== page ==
POW*MIA Flag - 2 Poles - Order Of Precedence "Problem"?

Discussion in 'US Flag Display' started by Robin Hickman, Nov 15, 2016.

  1. Robin Hickman

    Robin Hickman Well-Known Member

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    GREETINGS !

    This past Veterans' Day (Friday, November 11th, 2016) the City of Springfield, Oregon and the Willamalane Parks & Recreation Department re-vamped, expanded, and re-dedicated a Veterans' Memorial. Using input from a number of Veterans and Veteran Groups, they did a FANTASTIC job in designing and putting the whole thing together, even including two 30-foot stainless steel flagpoles.

    I had stopped by the new Veterans' Memorial on Thursday, the day before the dedication ceremony, to check things out and see where my 17 Flags on flagpoles would be placed around the Memorial to help "dress up" the occasion.

    When I got into a discussion with a City official about how great the whole Veterans' Memorial was turning out, the subject of Flags came up. I asked about what Flags were going to be flown from the two 30' flagpoles that are part of the Memorial. The Memorial is at one corner of the park and one flagpole is closer to the street corner and is out in "front" of the Memorial, while the second flagpole is back "behind" the Memorial and is lined up with the first flagpole.

    When I asked what Flags they were intending to fly on the poles the city official told me the they were going to fly a 5'x8' American Flag on the "front" flagpole and on the "back" flagpole they were planning on flying a State of Oregon Flag and a POW*MIA Flag, with the POW*MIA Flag as the primary (upper) Flag and the Oregon Flag as the secondary (lower) Flag.

    While I was somewhat shocked at how far apart the two flagpoles were, the Memorial is designed to "grow" with the addition of more Veteran Elements that are to be added in the future. So, "OK", I thought, "that possibly makes some sense". However, with the placement of the POW*MIA Flag OVER the Oregon Flag on the back flagpole, that made no sense to me whatsoever! POW*MIA Flag OVER a State Flag?

    I told the official that I had learned over the many years that I've been handling Flags, that the "accepted" order of precedence of Flags here in the U.S. is: National, State, Military (Army, Marine Corps, Navy, Air Force, and Coast Guard), and then POW*MIA. I told him I thought that the POW*MIA Flag should be on the front pole and under the U.S. Flag, and that the Oregon Flag should be on the back pole by itself, or with either a City of Springfield Flag, or a Willamalane Parks Flag, or perhaps another POW*MIA Flag. Another alternative might be the U.S. & Oregon Flags on the front pole and the POW*MIA Flag on the back pole.

    I asked the city official why they had chosen to place the three Flags on the two flagpoles as they had. He responded by saying that the Memorial committee had talked to some of the area Veterans about it and that particular arrangement was what they came up with. He also said that he's seen something that showed that particular Flag arrangement (U.S. alone on one pole, and POW*MIA and State flags on the other). It wasn't clear to me if he'd seen it "on-line" or on paper. I pleaded my case as best I could that afternoon. When I showed up at the Veterans' Memorial Dedication ceremony the next morning for the Memorial's dedication ceremony, I saw that they had reached a "Flag Compromise": Big U.S. Flag on the front flagpole and a smaller Oregon Flag, by itself, on the back flagpole.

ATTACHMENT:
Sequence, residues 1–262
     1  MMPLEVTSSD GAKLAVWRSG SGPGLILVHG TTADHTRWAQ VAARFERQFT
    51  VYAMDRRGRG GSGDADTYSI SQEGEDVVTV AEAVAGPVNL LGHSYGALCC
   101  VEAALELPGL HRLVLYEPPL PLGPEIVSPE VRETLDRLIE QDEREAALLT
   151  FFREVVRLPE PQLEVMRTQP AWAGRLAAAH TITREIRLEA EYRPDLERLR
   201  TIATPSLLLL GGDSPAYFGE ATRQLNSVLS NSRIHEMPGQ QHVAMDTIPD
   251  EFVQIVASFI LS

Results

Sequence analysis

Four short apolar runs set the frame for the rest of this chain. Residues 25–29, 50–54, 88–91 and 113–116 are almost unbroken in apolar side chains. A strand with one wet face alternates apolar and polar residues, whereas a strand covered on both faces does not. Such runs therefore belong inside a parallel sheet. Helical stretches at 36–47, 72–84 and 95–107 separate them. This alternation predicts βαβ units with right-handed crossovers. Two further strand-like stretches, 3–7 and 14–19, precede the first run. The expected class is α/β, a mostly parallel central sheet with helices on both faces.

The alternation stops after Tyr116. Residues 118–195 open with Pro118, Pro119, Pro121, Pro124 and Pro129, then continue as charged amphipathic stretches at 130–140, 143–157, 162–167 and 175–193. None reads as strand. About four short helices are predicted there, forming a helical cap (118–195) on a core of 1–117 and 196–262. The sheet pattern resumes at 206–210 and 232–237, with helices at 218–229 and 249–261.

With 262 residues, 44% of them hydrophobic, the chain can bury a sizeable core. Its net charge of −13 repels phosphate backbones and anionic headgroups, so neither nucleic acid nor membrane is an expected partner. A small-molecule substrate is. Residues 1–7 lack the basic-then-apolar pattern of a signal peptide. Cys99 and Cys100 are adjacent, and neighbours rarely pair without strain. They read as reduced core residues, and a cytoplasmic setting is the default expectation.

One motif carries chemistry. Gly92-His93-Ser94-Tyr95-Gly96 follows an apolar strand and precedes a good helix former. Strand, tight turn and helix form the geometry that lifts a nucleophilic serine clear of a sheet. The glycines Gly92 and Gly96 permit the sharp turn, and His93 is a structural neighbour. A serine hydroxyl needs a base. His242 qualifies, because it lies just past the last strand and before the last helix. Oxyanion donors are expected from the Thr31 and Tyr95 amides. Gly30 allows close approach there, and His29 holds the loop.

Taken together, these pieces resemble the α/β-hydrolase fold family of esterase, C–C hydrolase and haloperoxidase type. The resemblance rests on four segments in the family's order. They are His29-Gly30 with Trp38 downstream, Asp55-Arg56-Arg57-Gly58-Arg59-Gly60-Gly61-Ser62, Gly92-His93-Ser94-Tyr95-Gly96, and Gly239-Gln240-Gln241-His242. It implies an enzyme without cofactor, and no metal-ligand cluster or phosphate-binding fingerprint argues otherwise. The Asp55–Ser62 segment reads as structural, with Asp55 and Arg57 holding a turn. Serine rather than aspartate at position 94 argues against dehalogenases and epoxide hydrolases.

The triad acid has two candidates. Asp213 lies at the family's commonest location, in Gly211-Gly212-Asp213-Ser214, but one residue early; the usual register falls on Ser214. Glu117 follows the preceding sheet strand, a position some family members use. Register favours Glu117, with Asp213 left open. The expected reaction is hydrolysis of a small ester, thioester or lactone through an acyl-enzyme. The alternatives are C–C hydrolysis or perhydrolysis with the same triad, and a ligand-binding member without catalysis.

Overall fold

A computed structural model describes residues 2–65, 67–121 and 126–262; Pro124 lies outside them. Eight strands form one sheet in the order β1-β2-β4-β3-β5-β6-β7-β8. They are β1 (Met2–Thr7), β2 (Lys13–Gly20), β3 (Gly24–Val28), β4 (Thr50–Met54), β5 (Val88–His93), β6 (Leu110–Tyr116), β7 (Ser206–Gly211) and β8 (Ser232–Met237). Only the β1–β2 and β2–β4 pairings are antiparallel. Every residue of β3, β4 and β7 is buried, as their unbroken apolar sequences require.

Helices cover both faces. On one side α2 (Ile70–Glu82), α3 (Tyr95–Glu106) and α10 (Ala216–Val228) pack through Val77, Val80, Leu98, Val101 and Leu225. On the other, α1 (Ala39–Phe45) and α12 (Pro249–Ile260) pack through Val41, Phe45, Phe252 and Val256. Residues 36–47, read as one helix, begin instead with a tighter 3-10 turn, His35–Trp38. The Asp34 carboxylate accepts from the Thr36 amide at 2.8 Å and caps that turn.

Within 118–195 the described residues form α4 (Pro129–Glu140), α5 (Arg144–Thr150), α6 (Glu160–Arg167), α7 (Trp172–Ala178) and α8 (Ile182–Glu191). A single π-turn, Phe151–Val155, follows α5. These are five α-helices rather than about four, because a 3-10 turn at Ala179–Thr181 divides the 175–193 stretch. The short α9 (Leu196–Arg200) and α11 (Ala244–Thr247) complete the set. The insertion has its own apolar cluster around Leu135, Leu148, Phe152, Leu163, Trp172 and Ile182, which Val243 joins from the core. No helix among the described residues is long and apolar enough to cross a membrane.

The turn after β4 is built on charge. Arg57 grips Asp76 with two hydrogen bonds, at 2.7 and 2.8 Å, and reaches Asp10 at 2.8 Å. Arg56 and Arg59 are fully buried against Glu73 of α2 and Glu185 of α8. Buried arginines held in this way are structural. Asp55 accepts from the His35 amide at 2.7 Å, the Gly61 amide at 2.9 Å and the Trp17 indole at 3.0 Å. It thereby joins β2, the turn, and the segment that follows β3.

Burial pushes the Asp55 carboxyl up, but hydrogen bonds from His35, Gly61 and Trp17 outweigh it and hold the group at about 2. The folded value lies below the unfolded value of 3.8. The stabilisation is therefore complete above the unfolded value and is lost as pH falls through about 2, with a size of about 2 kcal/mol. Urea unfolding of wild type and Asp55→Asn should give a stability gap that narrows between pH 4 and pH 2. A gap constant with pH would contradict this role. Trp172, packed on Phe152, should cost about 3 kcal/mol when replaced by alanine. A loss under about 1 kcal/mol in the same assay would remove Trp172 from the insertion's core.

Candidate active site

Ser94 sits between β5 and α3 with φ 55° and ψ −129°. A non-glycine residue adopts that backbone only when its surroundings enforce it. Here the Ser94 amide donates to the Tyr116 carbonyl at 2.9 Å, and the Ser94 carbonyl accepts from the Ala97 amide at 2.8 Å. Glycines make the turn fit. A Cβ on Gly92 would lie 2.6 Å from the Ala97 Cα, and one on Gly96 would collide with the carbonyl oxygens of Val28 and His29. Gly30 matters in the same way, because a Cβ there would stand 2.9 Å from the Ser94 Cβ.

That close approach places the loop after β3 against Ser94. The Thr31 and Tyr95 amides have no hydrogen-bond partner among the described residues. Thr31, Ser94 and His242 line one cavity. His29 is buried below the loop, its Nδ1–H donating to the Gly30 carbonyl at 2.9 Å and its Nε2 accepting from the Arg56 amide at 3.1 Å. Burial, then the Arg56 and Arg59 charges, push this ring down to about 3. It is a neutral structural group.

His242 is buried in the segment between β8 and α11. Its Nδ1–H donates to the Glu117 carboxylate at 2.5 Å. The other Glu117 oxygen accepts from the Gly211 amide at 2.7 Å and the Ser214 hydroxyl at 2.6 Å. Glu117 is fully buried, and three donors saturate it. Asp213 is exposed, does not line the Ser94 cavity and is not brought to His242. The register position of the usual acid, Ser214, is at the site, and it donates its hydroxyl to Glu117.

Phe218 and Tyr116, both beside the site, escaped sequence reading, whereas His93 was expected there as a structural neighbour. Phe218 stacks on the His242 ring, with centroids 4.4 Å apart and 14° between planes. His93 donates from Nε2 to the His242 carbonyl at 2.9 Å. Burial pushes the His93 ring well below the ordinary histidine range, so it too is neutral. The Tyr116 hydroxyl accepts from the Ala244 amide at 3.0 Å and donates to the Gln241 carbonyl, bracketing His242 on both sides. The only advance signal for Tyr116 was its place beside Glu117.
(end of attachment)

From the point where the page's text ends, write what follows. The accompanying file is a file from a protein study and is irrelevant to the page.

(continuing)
I promised the city official that I would try my best to find the correct, or at least the "best", answer for this Flag Precedence and/or Placement "problem". So that's WHY I'm here with this.

    I'm pretty sure that the answer(s) are probably NOT in the civilian Flag Code. I seem to remember that the two largest Veterans Organizations here in the U.S. are the American Legion and the Veterans of Foreign Wars. I also "think" I remember that those two organizations have different orders of precedence when it comes to the Military Services Flags and the POW*MIA Flag - But I don't remember which is which. The POW*MIA Families organization (for whom the POW*MIA Flag was created back in 1972) have their own order of precedence when it comes to the POW*MIA Flag and other Flags.

    So that leaves the three military branches that I know have VERY specific regulations when it comes to the order of precedence; the U.S. Army, the U.S. Navy, and the U.S. Air Force.


    I know that there are supposed to be SIX (6) days each year when the POW*MIA Flag is supposed to be flown, and that Veterans' Day is one of those six days.